Why Greg Smith left Goldman Sachs
Now that does not mean I was not part of a system that was doing things that were unethical. In the book, I try to show some of the conflicts I noticed that gave me pause. For many years, I gave the firm the benefit of the doubt.
It absolutely could have happened quicker. But one can always see things earlier and sooner.
Q: OK, but isn’t the purpose of any capitalist company to make money? You certainly made a lot of money at Goldman. (Smith says he made in the ‘‘high hundreds of thousands of dollars’’ in his best years but declines to be more specific. His publisher declines to say what he was paid for the book.)
A: Capitalism should be where everyone competes hard and makes money, in an environment where there is fair play and competitiveness. Right now the system is stacked against everyone else in favor of the banks.
It’s a little like a casino. A real casino is regulated and there are cameras everywhere and the casino cannot see your cards. With Wall Street today, the bank can see what every government, every pension fund, every hedge fund in the world is doing. They can effectively see everyone’s cards. Then, instead of facilitating the client’s will, they’re trying to get the client to facilitate their will.
Q: What do you hope to accomplish with your book?
A: People know there’s this huge conflict, and that things are being done that are unethical but are not necessarily illegal. But nobody can put their finger on exactly what the problem is. My goal with the book was to write it to a general reader who knows nothing about finance. By the time someone reaches the end of the book, they can say, ‘‘I can now speak more intelligently about where the conflicts of interest are, and I can lobby my congressman or I can speak about it more.’’ If people are not educated about what the issues are, they’re powerless. That was the problem with Occupy Wall Street — they didn’t know what they were protesting.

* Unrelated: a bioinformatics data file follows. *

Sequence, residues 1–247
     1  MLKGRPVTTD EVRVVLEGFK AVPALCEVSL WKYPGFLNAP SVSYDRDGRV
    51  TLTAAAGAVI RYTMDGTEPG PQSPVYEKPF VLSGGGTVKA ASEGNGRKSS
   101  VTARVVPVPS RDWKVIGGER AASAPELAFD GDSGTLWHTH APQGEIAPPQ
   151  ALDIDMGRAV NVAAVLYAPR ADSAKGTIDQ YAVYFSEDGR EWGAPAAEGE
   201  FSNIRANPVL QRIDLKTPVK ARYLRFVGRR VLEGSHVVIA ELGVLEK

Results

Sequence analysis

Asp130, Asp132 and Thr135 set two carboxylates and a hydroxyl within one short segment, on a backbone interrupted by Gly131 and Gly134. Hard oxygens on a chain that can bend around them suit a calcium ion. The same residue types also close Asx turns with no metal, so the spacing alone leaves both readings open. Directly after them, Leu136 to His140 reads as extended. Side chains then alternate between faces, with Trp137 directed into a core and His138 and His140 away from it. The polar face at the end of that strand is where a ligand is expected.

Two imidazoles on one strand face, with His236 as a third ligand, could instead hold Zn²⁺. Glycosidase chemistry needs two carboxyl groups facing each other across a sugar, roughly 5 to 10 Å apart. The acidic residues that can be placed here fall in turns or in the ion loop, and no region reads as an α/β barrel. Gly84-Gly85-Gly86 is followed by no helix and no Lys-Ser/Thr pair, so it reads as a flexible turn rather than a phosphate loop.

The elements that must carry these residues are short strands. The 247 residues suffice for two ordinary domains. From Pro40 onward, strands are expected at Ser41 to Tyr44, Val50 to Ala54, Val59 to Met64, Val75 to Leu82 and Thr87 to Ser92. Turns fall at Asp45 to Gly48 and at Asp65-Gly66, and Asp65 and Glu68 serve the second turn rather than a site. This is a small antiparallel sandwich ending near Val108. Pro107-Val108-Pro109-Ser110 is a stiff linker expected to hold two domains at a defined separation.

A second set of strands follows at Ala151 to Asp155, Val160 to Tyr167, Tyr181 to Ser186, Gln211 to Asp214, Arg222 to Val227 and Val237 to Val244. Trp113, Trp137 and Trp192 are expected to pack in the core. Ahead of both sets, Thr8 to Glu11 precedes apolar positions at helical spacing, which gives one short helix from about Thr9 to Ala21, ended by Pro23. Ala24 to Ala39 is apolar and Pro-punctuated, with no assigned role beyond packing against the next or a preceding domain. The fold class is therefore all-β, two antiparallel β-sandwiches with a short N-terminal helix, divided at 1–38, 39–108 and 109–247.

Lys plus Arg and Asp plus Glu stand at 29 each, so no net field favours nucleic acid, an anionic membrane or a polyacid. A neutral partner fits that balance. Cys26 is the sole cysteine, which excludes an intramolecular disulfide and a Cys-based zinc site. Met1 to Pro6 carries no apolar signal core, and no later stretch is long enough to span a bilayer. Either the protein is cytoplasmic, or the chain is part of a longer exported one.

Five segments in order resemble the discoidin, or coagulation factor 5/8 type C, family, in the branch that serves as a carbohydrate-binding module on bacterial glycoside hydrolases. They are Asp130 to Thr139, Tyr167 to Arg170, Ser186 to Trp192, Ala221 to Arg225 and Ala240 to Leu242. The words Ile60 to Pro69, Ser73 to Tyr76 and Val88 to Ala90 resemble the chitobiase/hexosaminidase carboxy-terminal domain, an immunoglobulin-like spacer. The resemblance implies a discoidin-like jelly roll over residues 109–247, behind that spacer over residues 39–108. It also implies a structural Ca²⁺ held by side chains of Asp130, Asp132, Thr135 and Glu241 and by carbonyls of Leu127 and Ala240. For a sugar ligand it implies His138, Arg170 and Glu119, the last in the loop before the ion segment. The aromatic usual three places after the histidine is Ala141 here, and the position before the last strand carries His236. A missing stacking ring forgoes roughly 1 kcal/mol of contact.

Q: The banks are going to say any bad practices were caused by just a few bad actors, and that those guys are gone.
A: This is not some conspiracy of five people sitting in a room plotting to destroy the world. This is far more boring. This is where people have created a perverse incentive system.
If someone can overcharge a client by a million dollars, their leaders are going to say, ‘‘Great job, we just made an extra million dollars off this pension fund.’’
Q: So the endemic part is that people don’t speak up?
A: People don’t like being asked or compelled to make morally dubious decisions. But unfortunately a lot of people’s livelihoods are tied up in this, and it’s not an easy thing to unwind. Their lives are caught up in this system where they’re sending their kids to private schools — it’s almost like the machine for them is working so well that there’s no way to undo it unless you want to change your lifestyle.
Q: Why should we care about what happens on Wall Street?
A: You see a lot of commentary that Wall Street is just rich people gambling with other rich people’s money. I want people to know that it ultimately affects everyone. In 2008, banks had to be bailed out and that hits taxpayers. If you’re a teacher or a fireman or a charity, and you have an investment fund that is trading with Wall Street, and Wall Street is not being held accountable and behaving ethically, then that directly impacts everyone.
Q: What about the reaction of your family and friends to all this? You didn’t tell them about the essay beforehand.
A: No, my mother would have been really upset, and frankly my mother is still very upset. She’s mostly worried about how I don’t have a job right now. For my parents’ generation, the idea of stability is very important, while my generation is a little more idealistic about wanting to actually change things, even if it involves some kind of personal risk. It took me a while to show my mother that I was actually very proud of this.